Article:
For every pound that taxpayers spend on public sector pensions, they dole out £2.50 in subsidising the pensions of the richest 1%, according to a TUC report.
Decent Pensions for All claimed that 60% of tax relief on pensions goes to higher rate taxpayers – those paying 40% – including 25% that goes to the top 1% of earners, defined as those earning more than £150,000 a year.
The TUC says this means that tax relief on pension payments made by the top 1% of earners costs the public purse “nearly £10bn a year”, compared to the £4bn a year it costs to fund the pensions of retired public sector employees such as nurses and civil servants.
A TUC spokesman said its calculations were based on Treasury figures.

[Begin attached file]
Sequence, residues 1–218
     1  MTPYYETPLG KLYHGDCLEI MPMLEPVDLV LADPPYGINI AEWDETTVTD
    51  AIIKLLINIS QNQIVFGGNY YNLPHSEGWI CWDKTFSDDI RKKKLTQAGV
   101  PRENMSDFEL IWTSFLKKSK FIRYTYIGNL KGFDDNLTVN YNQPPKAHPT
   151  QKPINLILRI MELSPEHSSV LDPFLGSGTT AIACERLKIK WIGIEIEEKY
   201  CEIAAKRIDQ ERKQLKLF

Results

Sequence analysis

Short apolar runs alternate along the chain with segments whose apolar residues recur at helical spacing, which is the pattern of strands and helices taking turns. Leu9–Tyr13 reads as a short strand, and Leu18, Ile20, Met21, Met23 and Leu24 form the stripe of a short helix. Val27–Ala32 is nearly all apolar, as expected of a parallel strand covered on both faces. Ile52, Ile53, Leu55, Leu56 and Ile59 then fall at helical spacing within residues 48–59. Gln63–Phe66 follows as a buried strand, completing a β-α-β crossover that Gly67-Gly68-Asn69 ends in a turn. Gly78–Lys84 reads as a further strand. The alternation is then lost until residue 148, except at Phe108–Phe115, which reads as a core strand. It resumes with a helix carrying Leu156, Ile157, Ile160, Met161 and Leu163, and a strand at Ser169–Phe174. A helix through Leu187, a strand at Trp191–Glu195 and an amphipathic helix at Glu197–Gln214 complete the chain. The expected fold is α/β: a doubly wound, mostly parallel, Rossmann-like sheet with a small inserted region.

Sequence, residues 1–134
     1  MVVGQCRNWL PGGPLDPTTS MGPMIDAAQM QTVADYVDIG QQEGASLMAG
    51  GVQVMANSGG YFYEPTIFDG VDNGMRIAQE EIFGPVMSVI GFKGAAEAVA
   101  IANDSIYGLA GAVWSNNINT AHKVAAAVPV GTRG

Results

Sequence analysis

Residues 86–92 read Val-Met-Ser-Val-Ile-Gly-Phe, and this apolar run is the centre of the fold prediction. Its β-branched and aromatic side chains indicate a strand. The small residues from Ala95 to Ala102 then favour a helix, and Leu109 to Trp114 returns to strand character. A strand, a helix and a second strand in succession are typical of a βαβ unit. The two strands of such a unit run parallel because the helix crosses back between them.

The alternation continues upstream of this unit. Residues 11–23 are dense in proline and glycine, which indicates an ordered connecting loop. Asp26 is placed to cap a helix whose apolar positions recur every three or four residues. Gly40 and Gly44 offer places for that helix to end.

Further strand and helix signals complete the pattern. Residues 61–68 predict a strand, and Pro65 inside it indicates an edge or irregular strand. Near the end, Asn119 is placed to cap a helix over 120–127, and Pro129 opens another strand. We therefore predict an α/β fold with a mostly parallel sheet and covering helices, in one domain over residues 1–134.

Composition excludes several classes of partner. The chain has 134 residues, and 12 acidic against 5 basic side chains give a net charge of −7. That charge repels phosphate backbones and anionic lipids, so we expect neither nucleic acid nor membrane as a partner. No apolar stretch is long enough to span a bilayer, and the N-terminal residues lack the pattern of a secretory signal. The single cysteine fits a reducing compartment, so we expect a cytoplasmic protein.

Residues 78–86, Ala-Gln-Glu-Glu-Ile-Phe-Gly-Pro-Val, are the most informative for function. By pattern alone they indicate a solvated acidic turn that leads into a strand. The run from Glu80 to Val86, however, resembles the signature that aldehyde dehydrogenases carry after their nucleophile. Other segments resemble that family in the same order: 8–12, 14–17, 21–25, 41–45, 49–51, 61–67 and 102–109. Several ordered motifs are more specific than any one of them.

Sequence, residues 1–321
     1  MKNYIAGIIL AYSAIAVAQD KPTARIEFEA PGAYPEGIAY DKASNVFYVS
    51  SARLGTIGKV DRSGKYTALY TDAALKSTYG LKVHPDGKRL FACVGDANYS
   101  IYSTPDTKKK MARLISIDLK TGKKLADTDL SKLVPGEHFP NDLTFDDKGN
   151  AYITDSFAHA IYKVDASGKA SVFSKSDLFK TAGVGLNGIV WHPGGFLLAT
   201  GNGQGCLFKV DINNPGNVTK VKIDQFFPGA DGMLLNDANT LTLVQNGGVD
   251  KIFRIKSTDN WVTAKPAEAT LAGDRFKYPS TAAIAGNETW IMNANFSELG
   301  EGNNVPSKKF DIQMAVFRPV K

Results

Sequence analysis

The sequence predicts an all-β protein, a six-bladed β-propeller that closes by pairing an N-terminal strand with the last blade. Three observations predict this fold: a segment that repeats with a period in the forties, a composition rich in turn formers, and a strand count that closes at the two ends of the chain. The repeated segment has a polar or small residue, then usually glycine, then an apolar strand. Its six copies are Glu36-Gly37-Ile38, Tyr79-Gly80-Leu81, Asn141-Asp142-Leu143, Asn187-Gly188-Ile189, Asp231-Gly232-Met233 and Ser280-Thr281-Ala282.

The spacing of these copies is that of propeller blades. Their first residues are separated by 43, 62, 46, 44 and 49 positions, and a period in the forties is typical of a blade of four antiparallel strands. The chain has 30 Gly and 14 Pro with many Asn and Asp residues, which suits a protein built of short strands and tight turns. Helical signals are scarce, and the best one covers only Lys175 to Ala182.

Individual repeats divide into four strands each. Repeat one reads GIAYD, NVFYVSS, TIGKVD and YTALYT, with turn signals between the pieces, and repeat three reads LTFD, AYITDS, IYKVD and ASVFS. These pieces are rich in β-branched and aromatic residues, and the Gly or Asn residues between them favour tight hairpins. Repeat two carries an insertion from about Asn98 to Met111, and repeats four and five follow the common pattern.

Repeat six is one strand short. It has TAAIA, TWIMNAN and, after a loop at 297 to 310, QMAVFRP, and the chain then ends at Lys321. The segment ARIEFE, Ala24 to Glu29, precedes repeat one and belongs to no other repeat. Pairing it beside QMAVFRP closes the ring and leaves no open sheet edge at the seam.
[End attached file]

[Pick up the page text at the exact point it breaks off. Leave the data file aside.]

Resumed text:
The document sets out TUC opposition to cuts in public sector pensions. It said: “One of the standard arguments from those who attack public sector pensions is to ask why modest taxpayers who do not have a pension should pay for the pensions of public sector staff.
“A much better question is whether taxpayers are happy to spend £2.50 on reducing the tax bill of the top 1|% of the population for every pound going towards providing a modest pension to retired nurses, teachers and other public sector staff.”
The TUC claimed that the average public sector pension is £7,000, but most pensioners get less than £5,000.
TUC general secretary Brendan Barber added: “The real pension crisis is the growing numbers of workers in the private sector without any kind of pension, who are now paying almost £10bn a year to subsidise the richest 1% of the population.”
The TUC spokesman said it was impossible to say how much the upping of the top tax rate to 50% in April 2010 would impact pension tax relief.
He added that the organisation will publish a report on Friday highlighting company directors’ pension arrangements. He said there was evidence of a rise in lump sum cash payments by companies into directors’ pension pots.